Moles are lesions that arise as a result of proliferation of pigment cells called melanocytes. The skin is composed of a number of cells with the melanocytes being the pigment producing cells. These cells produce the pigment melanin which is responsible for giving us our skin colour. The more melanin we have the darker our skin. An increase in melanin without increase in the number of melanocytes occur during conditions of pigmentation such as tanning. When the number of melanocytes increases due to proliferation we then get a mole, in Latin and medical terms called a naevus. 

There are different types of moles in how they arise and appear clinically. In some cases moles are present since birth and these are called congenital naevi. In most cases moles appear in adulthood and in the vast majority of cases these are normal benign moles. Only a very small number develop malignant changes. There are a number of reasons as to why we get moles and these include genetic predisposition, certain treatments and sun exposure. Fair skinned individuals tend to have more moles than dark skinned ones.

There are a number of treatments available for moles and these include surgical removal through excision (cutting out) or shave method and laser mole removal. The choice of mole removal method will depend on the type and appearance of the mole as well as the risk of any potential malignancy. It is therefore essential that a dermatologist examines the moles carefully and this may require a magnifying tool called a dermoscope.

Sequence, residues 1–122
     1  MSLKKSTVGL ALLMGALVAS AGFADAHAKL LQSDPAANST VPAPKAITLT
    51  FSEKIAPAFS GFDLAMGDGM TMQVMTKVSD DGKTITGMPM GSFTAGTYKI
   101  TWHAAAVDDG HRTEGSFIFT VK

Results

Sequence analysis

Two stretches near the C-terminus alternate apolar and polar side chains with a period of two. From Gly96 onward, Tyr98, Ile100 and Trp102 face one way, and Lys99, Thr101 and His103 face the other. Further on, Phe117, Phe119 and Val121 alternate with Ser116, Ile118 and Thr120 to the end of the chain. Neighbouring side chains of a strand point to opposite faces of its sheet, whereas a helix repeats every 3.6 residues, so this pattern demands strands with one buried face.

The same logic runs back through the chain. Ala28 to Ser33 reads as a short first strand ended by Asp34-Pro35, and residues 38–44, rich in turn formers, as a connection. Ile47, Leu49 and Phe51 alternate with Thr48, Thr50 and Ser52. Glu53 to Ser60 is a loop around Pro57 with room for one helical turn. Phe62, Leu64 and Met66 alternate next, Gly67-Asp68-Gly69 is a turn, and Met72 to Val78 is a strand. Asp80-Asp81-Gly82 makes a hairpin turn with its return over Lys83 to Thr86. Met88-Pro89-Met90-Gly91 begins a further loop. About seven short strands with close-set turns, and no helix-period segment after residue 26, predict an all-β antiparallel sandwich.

Surgical method of mole removal remains the best and most recommended method and surgical excision is particularly preferred if there is any suspicion of atypical features or possible malignancy. Excision requires sutures which will then need to be removed in a week or 2 depending on the location whereas shave mole removal method does not require any stitches. Benign raised moles can be removed with the shave method.

Mole removal with lasers is only reserved for completely benign and raised non-pigmented fleshy looking moles and requires a degree of experience from the operating dermatologist. The recovery is usually quick and the procedure relatively painless.


It depends on the procedure. Shave removal has a slightly higher chance of the mole coming back compared to full surgical excision.

Yes an injection of local anaesthetic is administered for a pain-free procedure.

In most cases yes there will be a scar visible post procedure but the extent of scarring depends on the type of procedure and how it heals.

Yes aftercare is required for few days after the procedure and this will be provided immediately after the procedure is done.